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Feb 1, 2013

Peripheral awareness

I don’t know much about most of the things that are going on in our School. Each course is a little novel, with its plot and character development; every faculty committee is a think-tank or a management team, with its own dynamics. We have many projects, big and small, successful and so-so, long and short. I cannot know about all of this, and this is just fine. The only problem with not knowing –I cannot thank and recognize everyone and learn from their work. 

There is a class of things I am directly involved with, know many details, and sometimes help plan and execute. It is not always a rational choice, and I should definitely learn to be better at delegation. Sometimes there is simply no choice, because no one else can do it, or there is no time to delegate.

And then there is a vast area in between – things that I am peripherally aware of. That means I simply know the story, but not in any detail. It is an incredibly important sort of knowledge. What it allows me to do is to match various people’s interests, resources, experiences, precedents to problems we are trying to address. And this belongs to the core function of academic leadership – the ability to match problems with solutions. The trick is to know enough to see a possible connection, but not too much to be overwhelmed by the information. The half-way, vague awareness of what people are doing or are capable of doing has its own specific nature, probably its own laws of memory we do not quite understand.

Here is a small example: last night I was at the School Support network fair RIDE put together for turn-around schools. We were offering just three packages: TESL, Ed. Leadership, and the Restorative Practices course. However, a principal asked if we have something for parent support. I said no, nothing in a form that we can offer. However, a couple of hours later I finally was able to remember – yes, we have a PD project proposal Andres submitted on last year, which is about a workshop for Latino parents. Now I can reach out to them and make a match. And things like that happen quite frequently. If I can’t make a connection, I will reach out to A-Deans, chairs – people who are also aware and peripherally aware of many things.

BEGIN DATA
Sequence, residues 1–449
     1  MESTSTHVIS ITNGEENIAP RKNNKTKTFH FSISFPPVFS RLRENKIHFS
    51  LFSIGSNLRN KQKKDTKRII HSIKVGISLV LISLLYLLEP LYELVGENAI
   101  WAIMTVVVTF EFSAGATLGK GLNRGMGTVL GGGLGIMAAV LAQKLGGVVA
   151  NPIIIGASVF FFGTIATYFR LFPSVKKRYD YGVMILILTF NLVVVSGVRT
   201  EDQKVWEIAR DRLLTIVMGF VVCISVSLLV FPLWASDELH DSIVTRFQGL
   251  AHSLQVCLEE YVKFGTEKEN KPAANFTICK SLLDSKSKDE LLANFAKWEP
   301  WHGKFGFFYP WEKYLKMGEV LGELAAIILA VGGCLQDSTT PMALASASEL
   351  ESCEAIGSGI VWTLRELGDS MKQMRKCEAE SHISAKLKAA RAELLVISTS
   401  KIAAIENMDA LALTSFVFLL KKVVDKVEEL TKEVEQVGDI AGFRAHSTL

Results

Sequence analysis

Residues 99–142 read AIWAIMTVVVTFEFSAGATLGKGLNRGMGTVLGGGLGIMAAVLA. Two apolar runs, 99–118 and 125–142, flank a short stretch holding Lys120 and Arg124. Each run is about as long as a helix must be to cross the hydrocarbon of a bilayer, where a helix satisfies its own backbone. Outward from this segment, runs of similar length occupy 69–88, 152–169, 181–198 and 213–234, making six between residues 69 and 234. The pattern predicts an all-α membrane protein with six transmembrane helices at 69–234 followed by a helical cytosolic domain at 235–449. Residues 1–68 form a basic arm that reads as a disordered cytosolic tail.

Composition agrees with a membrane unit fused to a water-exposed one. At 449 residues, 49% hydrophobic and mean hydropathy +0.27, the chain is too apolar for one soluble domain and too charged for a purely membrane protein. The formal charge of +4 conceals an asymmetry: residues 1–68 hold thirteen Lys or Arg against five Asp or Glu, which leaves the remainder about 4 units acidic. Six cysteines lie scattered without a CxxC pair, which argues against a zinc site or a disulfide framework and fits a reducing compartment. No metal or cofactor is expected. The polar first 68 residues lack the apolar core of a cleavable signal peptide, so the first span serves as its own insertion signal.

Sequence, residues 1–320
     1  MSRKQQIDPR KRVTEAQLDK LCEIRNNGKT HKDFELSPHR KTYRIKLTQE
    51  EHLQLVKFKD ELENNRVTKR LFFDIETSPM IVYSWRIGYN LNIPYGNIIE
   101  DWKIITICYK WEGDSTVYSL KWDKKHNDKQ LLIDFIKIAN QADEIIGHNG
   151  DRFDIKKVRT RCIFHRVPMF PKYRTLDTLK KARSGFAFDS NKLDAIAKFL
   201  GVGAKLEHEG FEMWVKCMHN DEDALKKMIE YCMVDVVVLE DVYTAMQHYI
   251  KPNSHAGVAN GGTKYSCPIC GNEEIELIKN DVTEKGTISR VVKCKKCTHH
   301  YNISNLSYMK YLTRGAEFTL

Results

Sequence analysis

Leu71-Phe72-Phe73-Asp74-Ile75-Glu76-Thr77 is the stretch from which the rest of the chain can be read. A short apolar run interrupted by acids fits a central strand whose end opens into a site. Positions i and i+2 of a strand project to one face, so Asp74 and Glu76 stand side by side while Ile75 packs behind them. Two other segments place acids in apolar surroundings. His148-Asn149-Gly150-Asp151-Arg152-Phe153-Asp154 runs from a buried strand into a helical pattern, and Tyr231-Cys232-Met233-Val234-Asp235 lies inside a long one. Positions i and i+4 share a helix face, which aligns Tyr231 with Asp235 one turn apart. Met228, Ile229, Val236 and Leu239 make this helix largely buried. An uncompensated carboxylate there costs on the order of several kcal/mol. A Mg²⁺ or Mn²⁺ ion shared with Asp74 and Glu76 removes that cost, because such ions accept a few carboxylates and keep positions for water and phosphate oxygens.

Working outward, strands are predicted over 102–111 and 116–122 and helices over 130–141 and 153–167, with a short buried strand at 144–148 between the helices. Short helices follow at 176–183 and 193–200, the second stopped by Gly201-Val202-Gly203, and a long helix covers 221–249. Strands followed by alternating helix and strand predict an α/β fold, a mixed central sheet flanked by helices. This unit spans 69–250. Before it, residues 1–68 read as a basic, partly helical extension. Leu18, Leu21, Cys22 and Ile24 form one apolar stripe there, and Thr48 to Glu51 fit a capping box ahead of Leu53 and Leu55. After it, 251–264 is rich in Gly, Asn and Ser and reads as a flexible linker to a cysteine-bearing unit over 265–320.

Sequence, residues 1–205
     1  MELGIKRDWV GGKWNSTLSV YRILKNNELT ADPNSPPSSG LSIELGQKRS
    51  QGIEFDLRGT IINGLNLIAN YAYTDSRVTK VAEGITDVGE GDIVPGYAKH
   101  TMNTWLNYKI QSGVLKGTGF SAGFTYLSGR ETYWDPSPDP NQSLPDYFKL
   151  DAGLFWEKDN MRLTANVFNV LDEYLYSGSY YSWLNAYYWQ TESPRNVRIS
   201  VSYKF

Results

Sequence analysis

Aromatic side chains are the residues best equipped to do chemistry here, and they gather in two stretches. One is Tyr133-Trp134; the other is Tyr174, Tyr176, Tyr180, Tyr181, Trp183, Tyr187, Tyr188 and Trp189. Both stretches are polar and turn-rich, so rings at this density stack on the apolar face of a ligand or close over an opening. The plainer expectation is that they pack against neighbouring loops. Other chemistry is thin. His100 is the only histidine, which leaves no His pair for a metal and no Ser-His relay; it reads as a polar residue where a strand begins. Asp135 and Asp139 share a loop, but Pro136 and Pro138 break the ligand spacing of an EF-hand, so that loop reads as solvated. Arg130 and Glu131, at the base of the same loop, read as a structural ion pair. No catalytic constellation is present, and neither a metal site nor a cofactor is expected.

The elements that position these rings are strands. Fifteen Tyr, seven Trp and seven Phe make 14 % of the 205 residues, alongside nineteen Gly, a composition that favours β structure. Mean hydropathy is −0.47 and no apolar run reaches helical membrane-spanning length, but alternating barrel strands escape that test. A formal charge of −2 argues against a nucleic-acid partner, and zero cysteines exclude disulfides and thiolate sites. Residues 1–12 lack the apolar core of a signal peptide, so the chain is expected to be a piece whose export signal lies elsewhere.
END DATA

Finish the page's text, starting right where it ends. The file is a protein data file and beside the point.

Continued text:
People tried to solve this problem with the help of technology, and in some cases, it can be done. However, a problem and a solution often do not recognize each other even when they meet; they describe themselves in mutually incomprehensible terms, and the potential link is lost to a computer. A human brain is still the best machine for identifying loosely defined patterns, or for connecting seemingly dissimilar things. I wish I knew a way to get better at peripheral awareness. I would also like to get more essential updates from people. Like anyone else, I hate being copied on messages where people discuss something that is their business. However, I always truly appreciate “I think you should know what we’re doing” messages; I’d like to have more of them, even though it is a little more work to summarize what happens than to forward me a 20-page long e-mail string (of which I am also guilty of, with respect to my superiors). But ultimately, it is my job to be aware of many things, if only vaguely.

1 comment:

  1. I certainly don't make the connections nearly well enough either...nor do I thank my amazing team (or partners like you) nearly enough. Thanks for the reminder - and thanks for being a great partner!